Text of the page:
Darnella Frazier, the teenager whose viral video of Derek Chauvin on George Floyd's neck played a key role in convicting and sending the fired Minneapolis police officer to prison for murder, expressed disappointment in the 20 1⁄2 -year sentence imposed in federal court Thursday.
"I'd be lying to myself if I said I feel happy about today," Frazier said during a written exchange with the Star Tribune. "A sentence of 20 ½ years is not enough. I predicted it would be more than 20 ½ years. In 20 ½ years, George Floyd will still be gone."
Frazier, who has for the most part let her testimony in court speak her in the two-plus years since Floyd's death, added, "As a 19-year-old Black girl, I don't feel safe in this country, and it is disturbing. I don't feel safe in this country because of cops like Chauvin.
"I understand that cops being charged in general is rare. I get it if you are satisfied with the final outcome for Chauvin, but I also understand those who are not. If this country really wanted change, start by holding all cops accountable."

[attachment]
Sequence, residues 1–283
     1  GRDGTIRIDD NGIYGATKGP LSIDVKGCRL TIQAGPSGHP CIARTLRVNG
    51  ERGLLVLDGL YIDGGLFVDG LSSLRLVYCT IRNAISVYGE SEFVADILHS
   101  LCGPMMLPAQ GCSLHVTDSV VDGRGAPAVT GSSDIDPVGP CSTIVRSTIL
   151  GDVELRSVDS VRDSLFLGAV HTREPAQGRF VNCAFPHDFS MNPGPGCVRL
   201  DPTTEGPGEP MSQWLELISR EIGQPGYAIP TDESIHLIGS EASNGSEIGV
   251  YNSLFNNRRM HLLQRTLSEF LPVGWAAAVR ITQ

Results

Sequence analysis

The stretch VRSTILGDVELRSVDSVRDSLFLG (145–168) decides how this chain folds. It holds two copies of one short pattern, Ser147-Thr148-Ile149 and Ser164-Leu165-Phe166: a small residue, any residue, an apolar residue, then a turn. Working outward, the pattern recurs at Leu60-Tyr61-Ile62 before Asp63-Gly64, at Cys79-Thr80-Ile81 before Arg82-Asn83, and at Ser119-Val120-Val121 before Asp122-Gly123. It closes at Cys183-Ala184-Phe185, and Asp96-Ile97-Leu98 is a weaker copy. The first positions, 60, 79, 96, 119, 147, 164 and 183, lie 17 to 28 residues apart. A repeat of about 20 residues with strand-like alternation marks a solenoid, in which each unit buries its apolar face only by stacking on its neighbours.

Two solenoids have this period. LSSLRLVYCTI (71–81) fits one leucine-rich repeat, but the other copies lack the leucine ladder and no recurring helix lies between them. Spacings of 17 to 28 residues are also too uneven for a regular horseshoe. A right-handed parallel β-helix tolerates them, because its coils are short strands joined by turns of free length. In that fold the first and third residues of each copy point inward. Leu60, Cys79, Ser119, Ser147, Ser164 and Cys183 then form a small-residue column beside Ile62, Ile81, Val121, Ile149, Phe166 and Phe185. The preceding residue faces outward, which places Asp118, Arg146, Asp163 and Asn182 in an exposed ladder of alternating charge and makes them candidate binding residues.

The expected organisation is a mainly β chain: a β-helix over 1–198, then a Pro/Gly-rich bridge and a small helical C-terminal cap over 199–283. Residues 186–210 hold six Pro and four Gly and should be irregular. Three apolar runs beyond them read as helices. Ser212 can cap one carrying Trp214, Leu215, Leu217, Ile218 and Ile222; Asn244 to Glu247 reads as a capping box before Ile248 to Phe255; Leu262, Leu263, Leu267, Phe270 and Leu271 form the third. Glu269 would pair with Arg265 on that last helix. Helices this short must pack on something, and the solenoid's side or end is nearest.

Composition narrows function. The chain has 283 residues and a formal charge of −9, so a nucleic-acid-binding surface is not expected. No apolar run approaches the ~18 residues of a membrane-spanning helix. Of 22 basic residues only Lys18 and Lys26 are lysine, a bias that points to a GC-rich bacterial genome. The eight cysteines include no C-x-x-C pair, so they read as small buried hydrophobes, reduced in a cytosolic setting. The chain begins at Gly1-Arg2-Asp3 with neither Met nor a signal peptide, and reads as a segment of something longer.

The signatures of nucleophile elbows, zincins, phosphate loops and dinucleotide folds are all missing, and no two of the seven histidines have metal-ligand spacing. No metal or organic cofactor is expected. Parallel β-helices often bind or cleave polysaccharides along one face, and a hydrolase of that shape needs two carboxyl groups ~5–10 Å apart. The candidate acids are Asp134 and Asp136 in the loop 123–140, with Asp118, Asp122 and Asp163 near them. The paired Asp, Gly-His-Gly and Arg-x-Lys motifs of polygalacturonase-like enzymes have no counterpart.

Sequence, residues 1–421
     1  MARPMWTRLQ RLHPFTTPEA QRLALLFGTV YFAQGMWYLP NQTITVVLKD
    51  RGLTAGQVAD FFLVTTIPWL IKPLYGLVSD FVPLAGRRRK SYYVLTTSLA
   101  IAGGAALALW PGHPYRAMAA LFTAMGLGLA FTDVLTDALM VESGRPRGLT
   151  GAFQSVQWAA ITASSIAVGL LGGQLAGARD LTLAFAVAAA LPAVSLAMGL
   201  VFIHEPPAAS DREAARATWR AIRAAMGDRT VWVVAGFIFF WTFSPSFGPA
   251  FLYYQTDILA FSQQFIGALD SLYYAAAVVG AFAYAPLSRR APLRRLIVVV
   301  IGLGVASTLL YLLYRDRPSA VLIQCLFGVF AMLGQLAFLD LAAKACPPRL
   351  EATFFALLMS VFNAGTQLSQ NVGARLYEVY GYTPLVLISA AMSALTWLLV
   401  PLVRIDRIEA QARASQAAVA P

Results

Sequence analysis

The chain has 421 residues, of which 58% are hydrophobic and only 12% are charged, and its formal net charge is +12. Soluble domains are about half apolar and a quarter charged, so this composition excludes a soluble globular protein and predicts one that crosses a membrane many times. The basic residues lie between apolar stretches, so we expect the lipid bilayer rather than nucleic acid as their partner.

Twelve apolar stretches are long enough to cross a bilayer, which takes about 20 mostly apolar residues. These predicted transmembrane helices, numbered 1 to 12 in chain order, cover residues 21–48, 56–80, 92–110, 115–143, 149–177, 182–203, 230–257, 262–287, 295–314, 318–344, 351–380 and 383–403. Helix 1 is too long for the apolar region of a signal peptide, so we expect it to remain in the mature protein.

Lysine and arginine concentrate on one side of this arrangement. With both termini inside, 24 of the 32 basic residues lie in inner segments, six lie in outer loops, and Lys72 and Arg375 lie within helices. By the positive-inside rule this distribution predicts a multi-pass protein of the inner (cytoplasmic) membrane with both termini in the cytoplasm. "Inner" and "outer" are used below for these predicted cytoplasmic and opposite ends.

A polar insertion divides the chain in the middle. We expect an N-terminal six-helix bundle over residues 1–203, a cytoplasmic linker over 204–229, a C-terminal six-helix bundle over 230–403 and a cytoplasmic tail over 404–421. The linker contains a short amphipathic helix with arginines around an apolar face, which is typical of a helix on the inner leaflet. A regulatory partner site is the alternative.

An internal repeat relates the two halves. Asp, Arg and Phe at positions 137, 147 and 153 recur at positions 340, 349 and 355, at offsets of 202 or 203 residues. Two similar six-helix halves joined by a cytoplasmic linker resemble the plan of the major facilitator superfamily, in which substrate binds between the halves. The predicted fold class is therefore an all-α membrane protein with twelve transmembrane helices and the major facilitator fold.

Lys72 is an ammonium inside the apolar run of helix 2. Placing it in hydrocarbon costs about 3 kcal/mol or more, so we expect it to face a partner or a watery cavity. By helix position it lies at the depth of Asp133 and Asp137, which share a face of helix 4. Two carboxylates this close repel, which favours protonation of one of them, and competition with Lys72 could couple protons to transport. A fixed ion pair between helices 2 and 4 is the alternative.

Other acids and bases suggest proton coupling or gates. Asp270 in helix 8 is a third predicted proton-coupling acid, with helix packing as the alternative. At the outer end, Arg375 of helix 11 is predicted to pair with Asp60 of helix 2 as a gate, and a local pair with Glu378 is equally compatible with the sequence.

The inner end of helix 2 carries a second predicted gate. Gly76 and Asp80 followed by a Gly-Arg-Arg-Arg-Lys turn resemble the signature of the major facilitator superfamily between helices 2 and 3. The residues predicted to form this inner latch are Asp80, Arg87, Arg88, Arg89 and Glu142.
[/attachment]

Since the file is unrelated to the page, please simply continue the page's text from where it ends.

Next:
Pausing in her reaction, Frazier read Chauvin's full statement during sentencing and said, "He didn't even apologize. Oh, wow."
Addressing the Floyd family, Frazier said, "I stand with you. I'm praying with you. You are all on my mind at this moment."
Frazier's presence of mind at the corner of 38th and Chicago received national honors, among them a special citation in June 2021 from the Pulitzer Prize Board for "courageously recording the murder of George Floyd, a video that spurred protests against police brutality around the world, highlighting the crucial role of citizens in journalists' quest for truth and justice."
The day after Floyd's death, Frazier explained how she kept her emotions in check and her cellphone recording: "The world needed to see what I was seeing. Stuff like this happens in silence too many times."